Posted by Joe Gooden on Wed, Dec 05, 2018 @ 1:03 AM
Councils in Auckland and Sydney tackle urban tree decline
Sydney’s Northern Beaches Council and the Waitemata District Council in New Zealand might be oceans apart, but they do share a common concern – the decline of their urban tree canopy due to growing populations and overdevelopment.
Research conducted by Greater Sydney Commission in 2017 showed that some of Sydney’s leafiest areas including Warringah, Hornsby and Willoughby have seen the highest percentage of loss in their urban tree canopy.
Similarly, Waitemata, just north of Auckland in New Zealand, has lost almost 13,000 trees between 2006 and 2016, due to increased private land ownership and high development rates. To combat the decline of their urban forests, local governments are exploring new ways to revive urban greenery in cities.
Auckland greening initiatives
Auckland City Council has launched a new program called ‘urban ngahere,’ meaning ‘network of trees’, which aims to increase city greenery by up to 30 per cent. The program coordinates planting initiatives with members of the local community – like schools, farmers, developers and social groups – to plant and maintain trees across Auckland. These efforts are complimented by a three-pronged strategy that includes interpreting data around tree loss, growing canopy and protecting trees from pests and diseases.
John Mauro, the council’s chief sustainability officer, said that Auckland is one of many large cities under pressure to protect trees against overdevelopment, population growth and other factors like climate change.
“A healthy urban forest enriches our communities, our local economies and our natural environment. Auckland cannot become a world-class city without a great urban forest,” he said.
“Some of the key challenges to our urban forest that we are monitoring include; population growth and urbanisation, ongoing issues with weed and pest control, diseases such as kauri dieback and myrtle rust and factors caused by climate change,” Mr Mauro said.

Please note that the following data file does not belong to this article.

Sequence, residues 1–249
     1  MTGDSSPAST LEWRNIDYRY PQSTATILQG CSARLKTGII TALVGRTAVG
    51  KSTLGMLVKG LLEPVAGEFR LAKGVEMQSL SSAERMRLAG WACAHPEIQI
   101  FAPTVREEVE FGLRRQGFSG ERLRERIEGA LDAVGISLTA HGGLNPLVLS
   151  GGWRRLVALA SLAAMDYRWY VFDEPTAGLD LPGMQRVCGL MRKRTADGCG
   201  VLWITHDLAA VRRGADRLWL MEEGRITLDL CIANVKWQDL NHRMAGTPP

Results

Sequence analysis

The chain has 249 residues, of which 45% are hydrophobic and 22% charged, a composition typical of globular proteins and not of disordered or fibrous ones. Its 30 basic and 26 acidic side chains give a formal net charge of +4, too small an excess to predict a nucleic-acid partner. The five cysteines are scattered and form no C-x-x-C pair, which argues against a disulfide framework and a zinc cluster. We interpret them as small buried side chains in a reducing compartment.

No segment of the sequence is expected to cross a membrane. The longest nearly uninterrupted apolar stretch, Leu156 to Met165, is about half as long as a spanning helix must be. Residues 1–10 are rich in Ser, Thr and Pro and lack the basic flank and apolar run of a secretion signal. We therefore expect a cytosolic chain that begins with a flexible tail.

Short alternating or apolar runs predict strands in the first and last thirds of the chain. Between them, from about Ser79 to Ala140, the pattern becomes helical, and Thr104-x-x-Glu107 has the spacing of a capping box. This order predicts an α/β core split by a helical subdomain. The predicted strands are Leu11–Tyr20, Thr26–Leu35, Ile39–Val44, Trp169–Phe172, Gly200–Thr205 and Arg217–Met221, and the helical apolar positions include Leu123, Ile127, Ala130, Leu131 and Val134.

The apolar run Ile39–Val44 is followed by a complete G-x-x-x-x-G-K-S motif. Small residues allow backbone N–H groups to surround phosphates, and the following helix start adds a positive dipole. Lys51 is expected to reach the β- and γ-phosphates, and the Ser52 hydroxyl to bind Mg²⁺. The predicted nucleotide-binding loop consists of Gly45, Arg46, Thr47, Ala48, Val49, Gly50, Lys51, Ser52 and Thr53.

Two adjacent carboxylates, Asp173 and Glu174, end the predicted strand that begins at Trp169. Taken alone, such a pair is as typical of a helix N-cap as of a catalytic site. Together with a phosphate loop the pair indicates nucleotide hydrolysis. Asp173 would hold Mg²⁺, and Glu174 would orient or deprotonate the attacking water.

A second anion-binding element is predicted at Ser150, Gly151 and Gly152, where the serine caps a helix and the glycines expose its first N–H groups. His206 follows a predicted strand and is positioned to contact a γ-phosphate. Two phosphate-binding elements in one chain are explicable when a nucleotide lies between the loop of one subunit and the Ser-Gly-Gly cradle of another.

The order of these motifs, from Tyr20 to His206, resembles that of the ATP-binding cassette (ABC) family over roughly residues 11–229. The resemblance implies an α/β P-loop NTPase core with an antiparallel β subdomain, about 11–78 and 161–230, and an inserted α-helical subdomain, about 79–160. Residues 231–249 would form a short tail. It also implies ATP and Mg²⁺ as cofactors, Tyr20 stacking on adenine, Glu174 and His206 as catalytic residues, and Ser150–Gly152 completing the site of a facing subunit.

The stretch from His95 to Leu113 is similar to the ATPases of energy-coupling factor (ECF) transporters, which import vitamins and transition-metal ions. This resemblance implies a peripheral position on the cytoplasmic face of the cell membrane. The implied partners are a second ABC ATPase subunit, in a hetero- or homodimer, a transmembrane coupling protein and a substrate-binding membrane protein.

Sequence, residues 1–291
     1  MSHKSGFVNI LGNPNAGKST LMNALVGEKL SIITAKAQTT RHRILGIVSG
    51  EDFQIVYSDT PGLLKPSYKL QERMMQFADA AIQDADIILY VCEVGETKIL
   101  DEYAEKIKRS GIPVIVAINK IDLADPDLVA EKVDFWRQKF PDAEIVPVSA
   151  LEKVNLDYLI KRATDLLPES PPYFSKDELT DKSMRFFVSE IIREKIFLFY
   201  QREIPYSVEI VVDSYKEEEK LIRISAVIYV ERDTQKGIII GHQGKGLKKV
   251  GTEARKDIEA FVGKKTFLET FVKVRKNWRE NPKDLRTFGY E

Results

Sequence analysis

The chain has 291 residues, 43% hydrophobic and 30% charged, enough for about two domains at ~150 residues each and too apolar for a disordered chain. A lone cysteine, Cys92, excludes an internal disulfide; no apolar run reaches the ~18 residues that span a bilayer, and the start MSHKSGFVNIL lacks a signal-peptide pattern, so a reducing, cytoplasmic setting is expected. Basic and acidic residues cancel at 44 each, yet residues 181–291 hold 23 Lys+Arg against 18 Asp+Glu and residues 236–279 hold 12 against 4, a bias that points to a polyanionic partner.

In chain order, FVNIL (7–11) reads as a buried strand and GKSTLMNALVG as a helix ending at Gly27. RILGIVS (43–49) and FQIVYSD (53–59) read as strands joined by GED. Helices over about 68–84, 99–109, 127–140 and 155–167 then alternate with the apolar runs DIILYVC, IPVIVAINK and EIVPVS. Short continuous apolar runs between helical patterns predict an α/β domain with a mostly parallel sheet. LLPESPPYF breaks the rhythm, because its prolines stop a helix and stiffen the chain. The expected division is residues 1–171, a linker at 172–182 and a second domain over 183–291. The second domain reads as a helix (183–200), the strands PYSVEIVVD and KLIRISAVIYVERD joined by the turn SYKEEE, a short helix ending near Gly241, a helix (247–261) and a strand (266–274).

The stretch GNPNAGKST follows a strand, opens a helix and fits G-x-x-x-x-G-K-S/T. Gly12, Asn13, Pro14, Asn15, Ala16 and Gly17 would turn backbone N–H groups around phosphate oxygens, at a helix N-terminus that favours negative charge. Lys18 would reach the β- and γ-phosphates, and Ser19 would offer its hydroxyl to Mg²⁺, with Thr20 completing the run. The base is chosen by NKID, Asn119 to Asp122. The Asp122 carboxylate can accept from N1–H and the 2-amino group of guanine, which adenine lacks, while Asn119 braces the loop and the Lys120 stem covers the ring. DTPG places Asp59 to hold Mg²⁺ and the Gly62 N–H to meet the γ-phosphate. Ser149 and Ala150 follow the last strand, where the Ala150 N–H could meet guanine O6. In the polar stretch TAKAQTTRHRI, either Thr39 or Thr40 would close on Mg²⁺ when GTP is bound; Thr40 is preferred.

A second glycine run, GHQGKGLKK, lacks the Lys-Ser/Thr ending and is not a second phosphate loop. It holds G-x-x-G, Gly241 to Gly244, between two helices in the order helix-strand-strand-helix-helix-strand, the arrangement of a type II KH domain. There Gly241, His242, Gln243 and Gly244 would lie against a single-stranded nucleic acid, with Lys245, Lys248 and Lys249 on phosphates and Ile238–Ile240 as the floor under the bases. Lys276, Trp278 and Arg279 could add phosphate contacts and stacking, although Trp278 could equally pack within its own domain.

Another exciting initiative in New Zealand is the Million Trees project, which aims to plant one million native trees and scrubs across Auckland in three years. This partnership between Mayor Phil Goff and the New Zealand Department of Corrections has already facilitated the planting of 750,000 trees to date, with inmates managing tree planting and maintenance.
Sydney greening initiatives
Across the sea, the Sydney Northern Beaches’ Council has joined Auckland City Council in exploring innovative ways to counteract development and increase urban tree canopy.
Compelled by a recent population boom, the council has launched a draft Urban Tree Canopy Plan to protect tree cover in the Sydney Metropolitan area. The plan aims to ease the impacts of Sydney’s growing population by planting 5,000 new trees each year, plus introducing an offset program that will plant two new trees for every one that is removed.
Michael Regan, Northern Beaches Mayor, said the plan will be supported monitoring the tree population, and encouraging support from the Sydney community.
“The immediate focus will be on collating accurate baseline data to allow us to monitor the actions of the plan and ultimately measure how successful we are in protecting and maintaining a healthy and diverse canopy cover,” he said.
“Engaging our community in protecting and enhancing our urban trees will also be a critical factor in achieving the objectives of the Urban Tree Canopy Plan.”